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Did Ethereum learn anything from the $55 million DAO attack?

Until the collapse, DAO represented the highest technological achievement achieved by the Ethereum blockchain and the upcoming wave of innovation.

Smart contracts and blockchain are interconnected ideas. In Vitalik Buterin’s early work, he described in detail the computer network that will become Ethereum. In terms of market value, Ethereum is the second largest network in the world, but ranked largest by developer activity. Ethereum proposed a completely decentralized autonomous company. Or organization (or DAC and DAO) ideas. .

DAO is the first coded version of the concept, hence its name, it is a testing ground where the destructive world of venture capitalism itself may be destroyed. Approximately $1

50 million in Ether was donated to the project, and more than 50 projects are ready, possibly funded by a smart contract that no one owns.

See also: A $55 million hacker almost brought down Ethereum

Then it was attacked. On a Friday morning in June 2016, a still anonymous hacker exploited a vulnerability in the code and confiscated tens of millions of dollars in cryptocurrency. The imitators followed closely behind. Investors withdrew their funds, the “dark DAO” was raised to protect the remaining funds, and there was a heated debate about when to properly hard fork or roll back events on the blockchain.

Four years after the DAO was hacked, veteran Bloomberg News reporter Matthew Leising was not sure what it meant. The obvious lessons about market prosperity and security have hardly been noticed, as evidenced by the ICO bubble that broke a few years ago and the rise of DeFi today.

Leising said: “This can be traced back to Vitalik’s vision of a decentralized platform where people can do whatever they want.” “When you give people flexibility and creative permission, you will get crazy project.”

In his latest book “Beyond Ethereum: The Amazing Story of Ethereum and the $55 Million Heist That Almost Destroyed It All,” Leising tracks events around the critical moment (excerpt here). CoinDesk caught up with him and discussed the DAO’s legacy and what Leising believed would be the next step in the blockchain.

You can use Out of the Ether regardless of where the audiobook is sold.
Resources: (Willie)

What do you think is the most enduring legacy of the DAO hacker?

I think its effect is very short. At the time, I think people realized that smart contracts should have been capped and should not be allowed to grow to 150 million US dollars in Ether, especially because it is too new. Ethereum was only one year old at the time. There should be some emergency stop buttons or safety hatches to control in some way should any problems occur.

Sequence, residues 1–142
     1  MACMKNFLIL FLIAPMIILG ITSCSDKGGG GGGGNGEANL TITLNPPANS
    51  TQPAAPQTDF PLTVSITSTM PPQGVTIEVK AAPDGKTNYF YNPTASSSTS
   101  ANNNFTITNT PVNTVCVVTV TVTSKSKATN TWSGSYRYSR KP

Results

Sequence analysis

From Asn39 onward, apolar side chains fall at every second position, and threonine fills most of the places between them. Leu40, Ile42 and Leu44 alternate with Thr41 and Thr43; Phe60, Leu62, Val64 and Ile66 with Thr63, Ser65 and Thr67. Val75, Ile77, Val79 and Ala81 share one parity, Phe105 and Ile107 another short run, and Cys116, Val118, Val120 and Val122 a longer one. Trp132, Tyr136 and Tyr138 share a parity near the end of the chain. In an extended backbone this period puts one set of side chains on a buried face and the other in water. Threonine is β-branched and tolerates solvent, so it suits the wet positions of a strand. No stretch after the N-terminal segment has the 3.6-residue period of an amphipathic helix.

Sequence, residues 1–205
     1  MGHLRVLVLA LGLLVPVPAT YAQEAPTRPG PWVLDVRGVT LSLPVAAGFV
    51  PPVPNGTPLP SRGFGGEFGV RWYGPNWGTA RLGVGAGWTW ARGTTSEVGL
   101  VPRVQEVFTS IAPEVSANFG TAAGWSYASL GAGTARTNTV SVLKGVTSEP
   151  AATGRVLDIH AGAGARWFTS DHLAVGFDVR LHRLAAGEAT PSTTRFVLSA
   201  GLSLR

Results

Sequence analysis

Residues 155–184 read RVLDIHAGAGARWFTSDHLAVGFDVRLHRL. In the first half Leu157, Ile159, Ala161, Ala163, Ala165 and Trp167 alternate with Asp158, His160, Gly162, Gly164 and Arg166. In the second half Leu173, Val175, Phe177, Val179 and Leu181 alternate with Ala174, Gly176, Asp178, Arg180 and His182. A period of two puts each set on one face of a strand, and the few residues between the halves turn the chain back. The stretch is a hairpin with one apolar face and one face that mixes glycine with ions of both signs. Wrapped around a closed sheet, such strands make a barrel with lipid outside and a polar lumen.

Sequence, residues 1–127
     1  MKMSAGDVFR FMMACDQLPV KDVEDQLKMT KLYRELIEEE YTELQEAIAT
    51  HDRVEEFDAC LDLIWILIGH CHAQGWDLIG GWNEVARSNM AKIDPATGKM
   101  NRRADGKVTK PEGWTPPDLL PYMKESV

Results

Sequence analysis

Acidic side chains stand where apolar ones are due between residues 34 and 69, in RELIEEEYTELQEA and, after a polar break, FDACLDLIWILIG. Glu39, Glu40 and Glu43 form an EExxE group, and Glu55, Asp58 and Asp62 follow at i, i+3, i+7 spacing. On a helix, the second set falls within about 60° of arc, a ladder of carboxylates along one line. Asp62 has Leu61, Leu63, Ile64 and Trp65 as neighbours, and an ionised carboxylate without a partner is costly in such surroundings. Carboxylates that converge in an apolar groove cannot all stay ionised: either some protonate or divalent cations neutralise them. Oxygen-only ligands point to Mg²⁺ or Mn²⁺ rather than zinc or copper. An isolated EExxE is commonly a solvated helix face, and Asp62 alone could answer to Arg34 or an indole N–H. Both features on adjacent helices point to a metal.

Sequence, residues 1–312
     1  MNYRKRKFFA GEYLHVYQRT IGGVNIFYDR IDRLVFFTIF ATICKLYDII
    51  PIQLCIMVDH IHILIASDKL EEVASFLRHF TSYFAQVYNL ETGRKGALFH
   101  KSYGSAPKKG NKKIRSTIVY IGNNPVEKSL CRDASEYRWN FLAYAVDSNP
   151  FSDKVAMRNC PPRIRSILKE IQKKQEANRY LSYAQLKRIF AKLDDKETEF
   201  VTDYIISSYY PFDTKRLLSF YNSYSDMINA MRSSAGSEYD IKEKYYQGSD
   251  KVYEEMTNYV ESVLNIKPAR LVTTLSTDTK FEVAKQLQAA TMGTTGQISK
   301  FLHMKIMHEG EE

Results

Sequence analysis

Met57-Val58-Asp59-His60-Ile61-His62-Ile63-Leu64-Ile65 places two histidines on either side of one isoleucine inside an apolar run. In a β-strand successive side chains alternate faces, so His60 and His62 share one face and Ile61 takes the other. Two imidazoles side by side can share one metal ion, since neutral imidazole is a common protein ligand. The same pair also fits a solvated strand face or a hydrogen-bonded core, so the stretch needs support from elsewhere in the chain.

I like the idea of ​​decentralized governance, but when you write code in a language like Solidity that has been less than a year old, it must be fail-safe. Special consideration is the number of errors found in the DAO before the hacking.

When you deal with other people’s money-you must be careful. I hope I can say that these courses are learned, I think they are not. I think what we are seeing now is an error in DeFi. Money wandering around is crazy. In some ways, the situation is even worse, people announce that they have not reviewed the code.

See also: DeFi Lender bZx lost $8 million in its third attack this year

At least they conducted a security audit with DAO, but there are still problems. When you compile with a language such as Solidity, you will encounter problems. When these projects come out, more scrutiny is needed so that real people do not lose money.

This seems to have caused a basic enthusiasm for encryption technology. People are attracted by risks and volatility.

You must not limit your enthusiasm, and I don’t think you want to. It can be traced back to the vision of a decentralized platform proposed by Vitalik, where people can do whatever they want. When you give people permission for flexibility and creativity, you get crazy projects. The only thing you can do is not to participate.

I think something interesting is being done to solve this problem. Fabian Vogelsteller is exploring “reversible ICO”. He is the one who wrote the ERC-20 code that allowed ICOs to use, and is now trying to solve this problem. He created a fundraising mechanism so that people can withdraw funds at any time. Therefore, it is not like you pour ETH into the pool, and the development team can go out and buy Rambo.

I would trust people like Fabian instead of anonymous people like Sushi Chef. These are the questions you must ask. Who is behind the project? Do they know the quantity? Did they live in Ethereum for a while or came out of wood products?

You decided to call the DAO hackers unambiguously in the book, and wrote in the full text that the multiple sources you encountered were suspicious, but also kept silent. Do you think cryptocurrencies respect pseudonyms?

I want to point out that there are several different DAO attacks, which few people realize. The $55 million attack that took place on Friday may be what people thought when talking about the DAO attack.

Then the attack was launched the following Tuesday. That’s where I can get some clues, make some reports, and track the people I think are involved. I believe this is an imitation. The code to attack the contract has been distributed.